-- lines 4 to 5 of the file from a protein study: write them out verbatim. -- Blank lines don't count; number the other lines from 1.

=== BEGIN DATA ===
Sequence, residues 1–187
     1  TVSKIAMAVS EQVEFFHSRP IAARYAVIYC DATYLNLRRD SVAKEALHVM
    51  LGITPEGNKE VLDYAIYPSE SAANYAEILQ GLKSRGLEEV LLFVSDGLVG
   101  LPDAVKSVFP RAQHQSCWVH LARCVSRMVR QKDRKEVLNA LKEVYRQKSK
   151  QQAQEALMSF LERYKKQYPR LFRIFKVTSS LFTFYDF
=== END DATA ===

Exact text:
   101  LPDAVKSVFP RAQHQSCWVH LARCVSRMVR QKDRKEVLNA LKEVYRQKSK
   151  QQAQEALMSF LERYKKQYPR LFRIFKVTSS LFTFYDF